Key Considerations: LinkedIn gives an opportunity for your audience to make a direct connection to your business. Highlighting your services is fair game as the majority of users who connect with you are considering your business in a professional capacity. Don’t forget to provide value — businesses that succeed on this platform provide great resources.

RELATED: Tips on increasing LinkedIn engagement

Google+

Classification: Dormant but growing network consisting of users and brands

Audience: Google users, predominantly older in age

Peak Engagement: 8-10 AM Weekday

Key Considerations: Due to its lower user base — hovering near 400 million — Google+ isn’t the first place you’d look for social engagement, but it does pack some benefits for businesses willing to go the extra mile. Brands that succeed in this channel understand the nuanced differences of Google+ audiences and supply a constant stream of value tailored to their needs.

RELATED: Tips on increasing Google+ engagement

Tying It All Together

Instead of looking it at engagement as a numbers game, prioritize the quality of the connections you’re making with your target audience — the shares, retweets and everything else will soon follow.

Tyler ThursbyTyler Thursby is a Senior SEO Analyst at Zion & Zion, a leading advertising agency based in Phoenix, AZ. He frequently writes on search engine optimization, social media, and content marketing. Follow him on Twitter at @tthursb.

Why Social Media Isn’t Working and What to Do About It

social media

Social media as a way of life is approaching ten.

Already there have been proclamations of its supreme awesomeness accompanied by more recent claims of its demise. But look, here’s the deal – social media isn’t dead – it’s just fed up with how it’s being abused.

I wrote this post – Why Social Media Doesn’t Matter Anymore – around six years ago at the height of the social media hype and today I would like to weigh in with a similar look at how this potent form of communication has evolved.

Social media, I observed some six years ago, isn’t a platform or channel so much as it is and remains a behavior.

Yes, of course, these are platforms, such as Facebook, that do serve as channels for some organizations, but more than anything it’s how people have come to depend on social media activity in their day to day lives that dictates how a business might benefit from its use.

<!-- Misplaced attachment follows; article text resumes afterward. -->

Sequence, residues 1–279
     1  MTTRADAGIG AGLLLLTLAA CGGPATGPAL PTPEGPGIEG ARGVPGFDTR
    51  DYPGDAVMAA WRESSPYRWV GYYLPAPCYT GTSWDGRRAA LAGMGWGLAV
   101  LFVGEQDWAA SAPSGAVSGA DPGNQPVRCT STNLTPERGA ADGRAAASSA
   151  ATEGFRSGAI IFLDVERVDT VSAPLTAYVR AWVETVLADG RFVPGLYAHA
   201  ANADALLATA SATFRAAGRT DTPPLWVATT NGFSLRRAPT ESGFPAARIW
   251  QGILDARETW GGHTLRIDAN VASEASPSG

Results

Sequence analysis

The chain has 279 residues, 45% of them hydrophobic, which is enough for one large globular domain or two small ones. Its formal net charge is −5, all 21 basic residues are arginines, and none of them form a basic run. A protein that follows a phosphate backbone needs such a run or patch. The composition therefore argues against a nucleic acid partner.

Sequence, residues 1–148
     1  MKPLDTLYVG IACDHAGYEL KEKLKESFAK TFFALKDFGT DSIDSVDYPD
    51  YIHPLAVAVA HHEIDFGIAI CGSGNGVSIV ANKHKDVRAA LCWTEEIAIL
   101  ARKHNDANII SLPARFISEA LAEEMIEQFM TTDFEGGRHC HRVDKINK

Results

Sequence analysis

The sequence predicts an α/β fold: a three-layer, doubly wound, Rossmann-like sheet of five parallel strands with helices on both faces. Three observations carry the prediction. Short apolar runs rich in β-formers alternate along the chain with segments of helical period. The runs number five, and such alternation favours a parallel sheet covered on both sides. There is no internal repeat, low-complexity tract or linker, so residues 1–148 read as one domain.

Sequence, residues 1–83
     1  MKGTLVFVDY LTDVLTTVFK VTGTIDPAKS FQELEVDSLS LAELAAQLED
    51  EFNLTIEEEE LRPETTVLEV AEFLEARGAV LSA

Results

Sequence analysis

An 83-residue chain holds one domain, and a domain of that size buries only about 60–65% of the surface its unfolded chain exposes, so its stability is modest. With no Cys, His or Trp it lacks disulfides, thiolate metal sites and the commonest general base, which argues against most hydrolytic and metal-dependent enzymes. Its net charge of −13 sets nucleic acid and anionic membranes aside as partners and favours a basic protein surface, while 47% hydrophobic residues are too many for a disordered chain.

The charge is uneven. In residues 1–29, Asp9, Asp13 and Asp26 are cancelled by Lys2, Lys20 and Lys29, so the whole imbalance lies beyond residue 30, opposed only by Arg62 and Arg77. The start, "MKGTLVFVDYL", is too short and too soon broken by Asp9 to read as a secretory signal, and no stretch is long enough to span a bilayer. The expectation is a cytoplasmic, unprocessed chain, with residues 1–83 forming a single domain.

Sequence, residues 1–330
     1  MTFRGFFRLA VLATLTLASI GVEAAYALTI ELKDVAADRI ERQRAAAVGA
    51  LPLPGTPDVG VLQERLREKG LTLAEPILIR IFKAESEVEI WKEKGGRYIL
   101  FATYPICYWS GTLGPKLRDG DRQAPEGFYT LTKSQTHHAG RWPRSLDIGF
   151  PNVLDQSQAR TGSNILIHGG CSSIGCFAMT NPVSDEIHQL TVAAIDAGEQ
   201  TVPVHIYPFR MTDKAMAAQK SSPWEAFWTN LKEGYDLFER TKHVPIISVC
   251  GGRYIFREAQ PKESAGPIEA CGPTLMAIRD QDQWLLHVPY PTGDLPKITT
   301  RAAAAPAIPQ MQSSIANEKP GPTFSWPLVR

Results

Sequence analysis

But therein lies the issue we face today.

As more and more people bought into the usefulness or at least hype of the usefulness of social media, more and business decided this was the next great broadcast channel.

Now, few people figured out how to sell using social media, but awareness creation, audience building, and free traffic, now that was pure gold.,

A recent study by Social Fresh, called the Future of Social Media, showed that the primary goal of social media for 76% of those surveyed was to create awareness.

This is an oversimplification, but you can read that to mean broadcast channel – kind of another form of TV.

But the gap between how marketers use social media and how consumers consume social media content has turned into a vast and gaping chasm the likes of which many will not cross. (Yes that was a less than subtle nod to Geoffrey Moore.)

If you seek to take advantage of the awesome potential of social media you, have to do some work. This has always been true, but in the early days, you could afford some laziness if you were an early adopter. Today the sheer volume of noise in social media makes your signal much harder to hear. (Again, another not so subtle nod to one of the earliest blogs I read )

Today there are five practices for social media use that I’m am trying to embrace and that I am advising anyone that will listen to embrace. (I could also write the flip side piece as five social media bad habits you must break.)

Get smaller

There was a time when one of the primary goals of social media participation seemed to be growing large followings. In fact, we bought likes (how did that turn out), we gamed Twitter, we competed to add people who had no interest in our products and services to fan, follow and circle us.

This seemed logical, I mean everyone knew you needed a big email list, why not a big Twitter following. In fact, services like Klout attempted to use follower metrics to measure influence and thereby create scorecards for people building and seeking influencer status.

Well, it appears that Kevin Kelly’s proclamation to artists trying to stand out in the long tail digital world was both true and prophetic – when it comes to social media use for most small businesses the goal is to embrace and nurture 1,000 true fans or 100 true fans and not the shifting universe of Twitter devotees.

Stop following and start listening, sorting, engaging and conversing. Focus on the social streams of your customers and hottest prospects. Eliminate the noise from social media and get your streams to a place where they can be useful.